As money pours into new mining and gas projects, the Treasury estimates the resource-related sectors of the economy will grow by an average of 9 per cent a year over the next two years. In contrast, the non-resources part of the economy will grow at an annual average rate of 2 per cent over the same period. The two-speed economy is reflected in recent data, which show demand in resource-rich Western Australia rose 14.5 per cent in the year to March 2012 – almost three times the national average – but just 1.9 per cent in New South Wales.

We have a world-class industry … [we] should be proud of. But it is a global and competitive industry in a fragile time

Predictably, this split has political repercussions. Wayne Swan, Treasurer of the ruling Labor party, has attacked billionaire mining magnates such as Gina Rinehart, recently crowned the world’s richest woman by a local magazine. He said they were using their considerable wealth to oppose “good public policy” and economic reforms.

“A handful of vested interests that have pocketed a disproportionate share of the nation’s economic success now feel they have a right to shape Australia’s future to satisfy their own self-interest,’’ he said of Ms Rinehart’s investment in Fairfax Media, one of the country’s biggest media companies and owner of The Sydney Morning Herald.

The debate has continued with the unpopular minority Labor government, which faces a heavy defeat at the next election, using the budget to “spread the benefits of the mining boom” with A$5bn of new payments to low and middle-income families.

All this has sparked angry responses from the mining industry. “Attacking individuals and specific industries doesn’t build confidence in our country – nothing good comes from this. It is particularly troubling when these attacks are directed at the resources sector, a part of the economy that has the potential to continue growing, creating jobs for many more Australians,” Jac Nasser, the chairman of BHP Billiton, said recently.

“We have a world-class industry that all Australians should be proud of. But it is a global and very competitive industry in a fragile time.”

As Chinese economic growth slows, things could get very bumpy for Australia’s resource sector. “Even if Chinese policy makers don’t drop the ball, it could mean that their demand for commodities is much less over the next five years than we currently think,” says Brian Redican of Macquarie Securities.

The world’s biggest mining companies understand the risks. Over the past months, they have been making cautious comments on expansion plans because of a softening outlook for commodity prices.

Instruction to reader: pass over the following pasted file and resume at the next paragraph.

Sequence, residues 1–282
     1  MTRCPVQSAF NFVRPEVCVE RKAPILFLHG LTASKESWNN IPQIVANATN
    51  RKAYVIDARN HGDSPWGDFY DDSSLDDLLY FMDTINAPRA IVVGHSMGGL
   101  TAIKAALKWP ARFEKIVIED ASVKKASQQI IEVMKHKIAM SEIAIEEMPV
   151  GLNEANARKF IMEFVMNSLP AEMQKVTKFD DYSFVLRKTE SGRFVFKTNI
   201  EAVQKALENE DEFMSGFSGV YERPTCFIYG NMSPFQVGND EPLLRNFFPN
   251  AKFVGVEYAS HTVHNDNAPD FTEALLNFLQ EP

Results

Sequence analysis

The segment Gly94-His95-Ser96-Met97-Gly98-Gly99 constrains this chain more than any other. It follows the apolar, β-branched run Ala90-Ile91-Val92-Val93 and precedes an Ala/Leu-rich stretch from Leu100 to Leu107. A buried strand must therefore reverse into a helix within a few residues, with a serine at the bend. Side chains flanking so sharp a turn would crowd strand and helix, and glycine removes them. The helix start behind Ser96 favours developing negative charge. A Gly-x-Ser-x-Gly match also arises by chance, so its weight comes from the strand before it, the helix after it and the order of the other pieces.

BHP Billiton recently backed away from a five-year target to spend A$80bn on “growth projects”. Its chief executive, Marius Kloppers, says he will not approve any major projects in the near future. “The economics of some of these projects is changed. I think for the next two years, 18 months perhaps, we will just wait and see how things develop.”

The government counters that more than half the projects pending in Australia’s A$500bn resources investment pipeline have already been approved and that the next phase of growth will come from huge natural gas projects, targeting sales in Japan and South Korea. The Treasury expects businesses to invest a record A$120bn in resources over the next 12 months.

But a rapid escalation in construction and labour costs means analysts reckon a significant number of projects may not proceed. A recent report commissioned by the Minerals Council of Australia showed iron ore projects are up to 75 per cent more expensive to build in Australia than west Africa and the cost of installing a tonne of new capacity at a thermal coal mine has risen three fold in five years, threatening projects such as Rio Tinto’s A$2bn Mount Pleasant pit.

Uncertainty about the fiscal regime following decisions by the Labor government to introduce new carbon and mining taxes also looms large.

“Does Australia have its risks? Yes.” Ivan Glasenberg, chief executive of Glencore, said recently. “It’s a first-world country but it’s doing things that are making people cautious in investing. So Australia is becoming another country where you’ve got to make sure the rules aren’t going to change on you.”